As a security researcher, common vulnerabilities and exposures (CVEs) are an issue for me — but not for the reason you might think.
While IT and security teams dislike CVEs because of the threat they pose and the mountain of remediation work they create for them, what troubles me is the way our modern security procedures relate to CVEs. Our mitigation strategies have become too focused on "vulnerability management" and are too CVE-centric, when what we really need is a hacker-centric approach to effectively reduce our exposure.
Vulnerability management as a primary strategy doesn't really work. According to the National Institute for Standards and Technology, 20,158 new vulnerabilities were discovered in 2021 alone. This represented the fifth consecutive year of record numbers for vulnerability discovery, and it looks like 2022 may very well continue the trend. Security teams cannot reasonably patch 20,000 new vulnerabilities a year, and even if they could, they shouldn't.
This might sound counterintuitive, but there are a few reasons why it's not. The first is that recent research reveals that only about 15% of vulnerabilities are actually exploitable, and so patching every vulnerability is not an effective use of time for security teams that have no shortage of tasks. The second and equally important reason is that even if you did continuously patch 100% of the CVEs in your network, this likely still wouldn't be effective at stopping hackers.
Hacker Strategies Are Vast and Varied
Phishing, spear-phishing, varying levels of social engineering, leaked credentials, default credentials, unauthenticated access using standard interfaces (FTP, SMB, HTTP, etc.), accessible hotspots with no passwords, network poisoning, password cracking — the list of strategies that hackers are employing is vast and varied, and many don't even require a high-level CVE, or any CVE at all, to be dangerous to an organization. The recent Uber breach is an excellent example of how hackers exploited an organization without utilizing the latest CVEs or overly complicated attack methods to target organizations.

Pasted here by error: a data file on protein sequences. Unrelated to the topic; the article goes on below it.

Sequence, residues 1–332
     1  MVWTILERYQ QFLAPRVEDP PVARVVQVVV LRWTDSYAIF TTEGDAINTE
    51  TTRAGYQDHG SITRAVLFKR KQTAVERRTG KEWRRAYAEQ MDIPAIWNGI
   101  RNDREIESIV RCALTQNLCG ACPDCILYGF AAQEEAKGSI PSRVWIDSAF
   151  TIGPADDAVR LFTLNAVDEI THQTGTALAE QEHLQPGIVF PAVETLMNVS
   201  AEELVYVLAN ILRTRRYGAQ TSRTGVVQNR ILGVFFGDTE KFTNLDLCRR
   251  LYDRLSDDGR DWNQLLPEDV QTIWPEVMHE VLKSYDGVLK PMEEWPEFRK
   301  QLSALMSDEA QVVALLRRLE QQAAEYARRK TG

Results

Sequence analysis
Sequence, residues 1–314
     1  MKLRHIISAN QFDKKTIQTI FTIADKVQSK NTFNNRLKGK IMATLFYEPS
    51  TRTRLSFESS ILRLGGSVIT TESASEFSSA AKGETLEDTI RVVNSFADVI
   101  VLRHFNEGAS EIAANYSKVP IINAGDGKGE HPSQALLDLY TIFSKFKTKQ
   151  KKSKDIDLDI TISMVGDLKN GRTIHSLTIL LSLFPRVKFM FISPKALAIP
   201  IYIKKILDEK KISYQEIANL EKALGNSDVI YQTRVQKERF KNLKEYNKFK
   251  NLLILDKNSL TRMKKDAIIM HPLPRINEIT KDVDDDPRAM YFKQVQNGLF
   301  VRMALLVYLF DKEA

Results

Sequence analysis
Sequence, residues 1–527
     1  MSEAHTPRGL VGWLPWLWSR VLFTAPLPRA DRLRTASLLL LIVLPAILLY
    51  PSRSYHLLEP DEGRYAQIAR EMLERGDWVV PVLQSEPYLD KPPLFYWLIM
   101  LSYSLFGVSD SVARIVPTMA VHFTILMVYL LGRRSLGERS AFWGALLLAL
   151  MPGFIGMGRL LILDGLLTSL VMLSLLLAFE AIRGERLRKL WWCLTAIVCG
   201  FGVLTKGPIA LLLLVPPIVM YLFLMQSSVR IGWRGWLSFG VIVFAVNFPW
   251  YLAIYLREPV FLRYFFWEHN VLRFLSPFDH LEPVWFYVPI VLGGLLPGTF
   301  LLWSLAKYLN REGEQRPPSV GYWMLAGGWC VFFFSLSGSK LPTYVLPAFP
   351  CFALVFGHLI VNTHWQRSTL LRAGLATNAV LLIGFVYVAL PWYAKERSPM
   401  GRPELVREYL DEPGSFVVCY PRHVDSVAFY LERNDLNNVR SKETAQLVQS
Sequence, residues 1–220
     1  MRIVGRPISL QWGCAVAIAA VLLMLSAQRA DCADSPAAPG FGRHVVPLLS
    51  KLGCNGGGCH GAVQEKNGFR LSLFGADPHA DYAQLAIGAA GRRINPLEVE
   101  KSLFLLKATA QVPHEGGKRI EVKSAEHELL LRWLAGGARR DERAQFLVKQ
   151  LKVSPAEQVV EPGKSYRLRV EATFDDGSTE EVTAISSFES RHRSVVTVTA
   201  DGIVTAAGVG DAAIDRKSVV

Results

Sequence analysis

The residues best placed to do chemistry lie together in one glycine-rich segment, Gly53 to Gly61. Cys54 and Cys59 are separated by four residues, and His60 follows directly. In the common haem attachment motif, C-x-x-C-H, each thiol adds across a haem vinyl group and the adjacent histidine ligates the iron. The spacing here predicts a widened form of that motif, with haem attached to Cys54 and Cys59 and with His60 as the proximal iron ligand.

Depending on whether you believe what the hacker claimed on Uber's Slack channel, or Uber's recent comments, the hacker was either an 18-year-old who exfiltrated data from an Uber staffer via a clever social-engineering/spear-phishing attack, or the work of South American hacking group Lapsus$, which executed a spear-phishing attack, utilizing the leaked credentials of a third-party contractor obtained from the Dark Web. In either scenario, there was no complicated coding or vulnerability exploitation that went on here. Instead, it was a variation on an old-school tactic that is tried and true.
It's Not The Vulnerability but the Vector That Matters
I don't want anyone to get the wrong idea. Patching is very important; it's a critical part of a strong security posture, and a crucial component of every security strategy. The issue is that many tools today prioritize remediation recommendations based solely on Common Vulnerability Scoring System (CVSS) scores, and what gets lost is the organizational context; the understanding of how to separate the meaningful 15% of vulnerabilities from the other 85%.
As an experienced penetration tester in the Israeli Defense Forces and vice president of research, leading a team of ex-pen testers and red teamers at Pentera, what I've learned is that it's not the vulnerability but the vector that matters. Just because your attack doesn't begin with a major vulnerability doesn't mean it won't end with one. The most dangerous vulnerability to your organization might be a 5.7/10 CVSS score hidden at the bottom of a list of high-scoring false positives.
Leaked Credentials Are a Bigger Threat
Leaked credentials likely pose a far greater threat to the average organization than the next dozen CVEs to be announced combined, yet many organizations have no protocol in place to discover if any of their credentials are floating around in the darker parts of the Web. We act as if hackers will spend countless hours developing exploits to CVEs, while they are really just looking for the most efficient way to access our networks. Many of today's hackers, and hacking groups, are financially motivated, and like any organization they want the best ROI for their time. Why spend time executing a complicated attack when you can just buy or scrape the credentials?
Right now, our defenses aren't working, and we, as security professionals, need to reexamine where the weak points are. While vulnerability management is definitely a core part of any meaningful security strategy, we need to move away from it as a primary methodology. Instead, we need to take a good look at the strategies hackers are utilizing and base our security strategies on how to stop them. If we want our security to actually be effective toward reducing our exposure, our strategies must focus on understanding the real-world techniques and methodologies that hackers are using to exploit us.